In April 2017, Responsible Travel became the first travel company to stop promoting any holidays that included a visit to a zoo. Their reasons are centered around the education value of zoos, how much is spent on conservation efforts and what percentage of zoned animals are endangered.
This is a very courageous decision from a very responsible company rightly named Responsible Travel.
Times are changing indeed and slowly more and more realize that the (possibly) 2-4% of zoos in the world who are trying to do good things (while not being able to be good substitute habitats and psychological environments for animals), do not justify the existence of the industry anymore. Even prominent zoo directors agree that there need to be radical changes. For instance, the director of the Detroit Zoological Society Executive Director Ron Kagan recently stated in a 2015 TED talk that “Unless an animal can thrive in our environment in our region whether it’s climate or space or social dynamics we shouldn’t do it” (‘it’ referring to holding these species in captivity)… We could not agree more. Note also that we now know that this applies to large mammals, as well as to a plethora of other animals of various sizes and shapes.
The reasons that Responsible Travel (RT) highlights supporting their decisions are:
Zoos have frequently argued that keeping animals in captivity is justified for the following reasons. Each of which we have examined.
1. Education. Zoos argue that by educating people about animals we help conserve them.
RT view: “We have two objections to this argument. Firstly, there are many ways to educate people about wildlife in the wild (some outstanding natural history programs and educational materials) that do not require them to be held in captivity.
Secondly, there is no evidence that seeing animals in Zoos does make people become active in conservation.”
2. Zoos fund conservation programs.
RT view: “Our view is that this is overstated as a justification. The World Association of Zoos and Aquariums encourage their members to commit just 3% of their expenditure to conservation”.
While a few Zoos fund some good conservation work it’s hard to understand how they can justify claims to be conservation organizations when such minimal funds are committed.
In our opinion, most are simply commercial organizations that display animals for profit and donate a tiny proportion of expenditure to conservation.
3. They breed endangered species – either to protect the gene pool or for reintroduction.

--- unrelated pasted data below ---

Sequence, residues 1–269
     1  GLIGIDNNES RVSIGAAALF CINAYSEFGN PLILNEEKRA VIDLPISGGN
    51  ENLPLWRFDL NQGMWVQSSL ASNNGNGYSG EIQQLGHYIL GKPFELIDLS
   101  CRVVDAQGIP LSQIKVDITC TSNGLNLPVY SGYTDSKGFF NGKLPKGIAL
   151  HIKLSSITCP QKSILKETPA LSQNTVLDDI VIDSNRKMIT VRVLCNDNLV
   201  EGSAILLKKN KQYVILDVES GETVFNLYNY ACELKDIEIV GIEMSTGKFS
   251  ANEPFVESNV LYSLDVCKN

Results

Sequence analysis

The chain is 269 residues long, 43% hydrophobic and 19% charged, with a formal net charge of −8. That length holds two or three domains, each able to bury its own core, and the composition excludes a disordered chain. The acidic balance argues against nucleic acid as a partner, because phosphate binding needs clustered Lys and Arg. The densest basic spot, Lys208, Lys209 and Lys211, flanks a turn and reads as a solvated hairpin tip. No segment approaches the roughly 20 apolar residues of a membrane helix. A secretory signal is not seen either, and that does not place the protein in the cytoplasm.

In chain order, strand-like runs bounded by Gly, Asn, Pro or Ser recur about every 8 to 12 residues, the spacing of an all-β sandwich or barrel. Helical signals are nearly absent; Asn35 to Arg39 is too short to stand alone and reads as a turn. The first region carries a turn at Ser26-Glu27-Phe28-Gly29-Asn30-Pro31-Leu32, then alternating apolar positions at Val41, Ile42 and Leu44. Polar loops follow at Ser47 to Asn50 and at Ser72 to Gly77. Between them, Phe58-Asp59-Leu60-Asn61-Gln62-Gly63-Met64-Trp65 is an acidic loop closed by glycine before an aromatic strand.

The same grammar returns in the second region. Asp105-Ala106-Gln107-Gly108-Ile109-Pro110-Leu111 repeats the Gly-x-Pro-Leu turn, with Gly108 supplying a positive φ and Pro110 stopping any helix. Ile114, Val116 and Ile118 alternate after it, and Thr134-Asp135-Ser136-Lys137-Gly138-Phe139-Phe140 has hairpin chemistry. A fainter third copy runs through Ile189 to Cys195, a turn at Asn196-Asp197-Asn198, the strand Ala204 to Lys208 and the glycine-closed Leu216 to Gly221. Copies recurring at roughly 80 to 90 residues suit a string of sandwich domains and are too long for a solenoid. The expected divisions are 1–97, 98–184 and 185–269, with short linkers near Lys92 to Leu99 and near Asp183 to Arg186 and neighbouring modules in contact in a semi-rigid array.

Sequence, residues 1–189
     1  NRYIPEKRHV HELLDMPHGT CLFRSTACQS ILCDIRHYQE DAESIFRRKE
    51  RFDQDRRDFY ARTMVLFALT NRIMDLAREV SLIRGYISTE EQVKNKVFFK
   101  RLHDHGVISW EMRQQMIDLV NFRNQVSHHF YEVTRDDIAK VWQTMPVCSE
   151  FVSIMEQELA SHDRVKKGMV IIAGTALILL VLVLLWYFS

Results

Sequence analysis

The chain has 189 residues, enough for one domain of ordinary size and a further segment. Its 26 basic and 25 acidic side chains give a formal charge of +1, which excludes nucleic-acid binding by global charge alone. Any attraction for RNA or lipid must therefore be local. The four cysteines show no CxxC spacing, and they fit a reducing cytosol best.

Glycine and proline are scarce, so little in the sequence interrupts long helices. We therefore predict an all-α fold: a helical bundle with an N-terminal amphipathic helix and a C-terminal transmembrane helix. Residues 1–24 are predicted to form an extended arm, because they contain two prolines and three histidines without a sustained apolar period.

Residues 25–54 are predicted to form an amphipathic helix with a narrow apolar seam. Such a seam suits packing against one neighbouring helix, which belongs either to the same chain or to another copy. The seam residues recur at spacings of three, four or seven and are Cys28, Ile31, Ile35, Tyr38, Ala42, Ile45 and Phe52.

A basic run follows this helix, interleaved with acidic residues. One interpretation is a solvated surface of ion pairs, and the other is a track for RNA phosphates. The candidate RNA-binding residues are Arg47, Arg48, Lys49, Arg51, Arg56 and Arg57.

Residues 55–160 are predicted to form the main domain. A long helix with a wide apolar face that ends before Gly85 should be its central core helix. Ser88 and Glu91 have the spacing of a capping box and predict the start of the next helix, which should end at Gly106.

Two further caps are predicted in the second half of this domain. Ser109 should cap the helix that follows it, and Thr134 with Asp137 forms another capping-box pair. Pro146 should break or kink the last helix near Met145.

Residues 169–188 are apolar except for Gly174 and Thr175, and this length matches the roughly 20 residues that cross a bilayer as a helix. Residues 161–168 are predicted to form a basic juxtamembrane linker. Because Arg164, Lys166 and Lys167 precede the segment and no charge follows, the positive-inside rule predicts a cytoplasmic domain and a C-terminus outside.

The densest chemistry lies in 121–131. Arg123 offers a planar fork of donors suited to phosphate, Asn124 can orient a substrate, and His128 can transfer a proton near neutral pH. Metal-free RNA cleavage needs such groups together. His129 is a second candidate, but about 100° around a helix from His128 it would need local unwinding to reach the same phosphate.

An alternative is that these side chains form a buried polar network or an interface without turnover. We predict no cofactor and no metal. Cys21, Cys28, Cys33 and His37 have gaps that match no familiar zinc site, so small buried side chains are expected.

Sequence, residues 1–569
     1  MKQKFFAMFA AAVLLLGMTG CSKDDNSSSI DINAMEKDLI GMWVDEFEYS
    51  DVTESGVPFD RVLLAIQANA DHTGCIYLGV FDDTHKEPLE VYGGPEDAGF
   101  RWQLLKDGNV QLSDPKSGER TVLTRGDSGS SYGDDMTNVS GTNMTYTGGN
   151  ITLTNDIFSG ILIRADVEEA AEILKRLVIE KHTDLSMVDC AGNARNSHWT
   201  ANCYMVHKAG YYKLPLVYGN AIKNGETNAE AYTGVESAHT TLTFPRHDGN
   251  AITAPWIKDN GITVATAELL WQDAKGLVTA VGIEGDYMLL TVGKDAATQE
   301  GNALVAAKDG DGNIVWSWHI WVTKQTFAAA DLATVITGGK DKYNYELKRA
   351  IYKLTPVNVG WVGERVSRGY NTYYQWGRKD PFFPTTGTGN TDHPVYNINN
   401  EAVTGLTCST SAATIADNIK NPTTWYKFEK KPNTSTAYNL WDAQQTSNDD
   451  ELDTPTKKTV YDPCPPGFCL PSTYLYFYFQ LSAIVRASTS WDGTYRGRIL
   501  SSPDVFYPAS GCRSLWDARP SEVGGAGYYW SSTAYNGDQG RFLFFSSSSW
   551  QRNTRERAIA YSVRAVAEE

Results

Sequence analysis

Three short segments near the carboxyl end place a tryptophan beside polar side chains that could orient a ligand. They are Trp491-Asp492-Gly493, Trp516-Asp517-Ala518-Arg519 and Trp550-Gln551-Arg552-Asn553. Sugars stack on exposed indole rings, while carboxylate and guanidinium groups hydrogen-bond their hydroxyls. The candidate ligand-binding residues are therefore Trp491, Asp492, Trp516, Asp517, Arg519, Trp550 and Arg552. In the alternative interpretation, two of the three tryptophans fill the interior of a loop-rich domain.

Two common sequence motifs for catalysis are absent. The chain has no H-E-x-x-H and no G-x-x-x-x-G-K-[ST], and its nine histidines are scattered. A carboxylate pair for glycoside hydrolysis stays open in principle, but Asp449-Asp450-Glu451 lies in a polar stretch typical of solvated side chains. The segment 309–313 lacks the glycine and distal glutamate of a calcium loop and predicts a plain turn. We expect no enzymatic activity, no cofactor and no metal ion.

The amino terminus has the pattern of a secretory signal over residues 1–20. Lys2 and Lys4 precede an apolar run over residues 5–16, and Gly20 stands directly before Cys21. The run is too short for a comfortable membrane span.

RT view: “90% of animals kept in Zoos are not endangered. There is no justification for keeping them in captivity to protect the species.
There are very few examples of successful reintroduction programs of endangered species from Zoos. In our view, there are better ways to go about these initiatives than through Zoos.”
“Our conclusion is that Zoos are not appropriate in 2017. They are relics of the past, and the arguments to justify keeping animals in captivity no longer stand up.
In our view rather than being self-proclaimed conservation institutions, these organizations just keep animals in captivity for our entertainment and this is not acceptable.”
Ourselves we agree: The truth is that there are many other proven and much better ways to educate, to save endangered species, to rescue injured animals and to help the preservation of the wildlife habitats (which happen to be far more cost-effective). There is also an ample literature and an ever growing amount of evidence in the Science and Veterinary communities that recognize the extreme difficulties and the ethical dilemma of maintaining species in captivity, as well as some of the wrongs of some of the claims. However, that body of work is not yet making it widely to the public and we have to help communicate the reality (See few of our references).
So when we see such strong moves this makes us very hopeful that our societies are moving in a better direction. Thanks again to Responsible Travel for making this big step and statement!
Zoo visitors overestimate zoos’ spend on conservation in the field tenfold.
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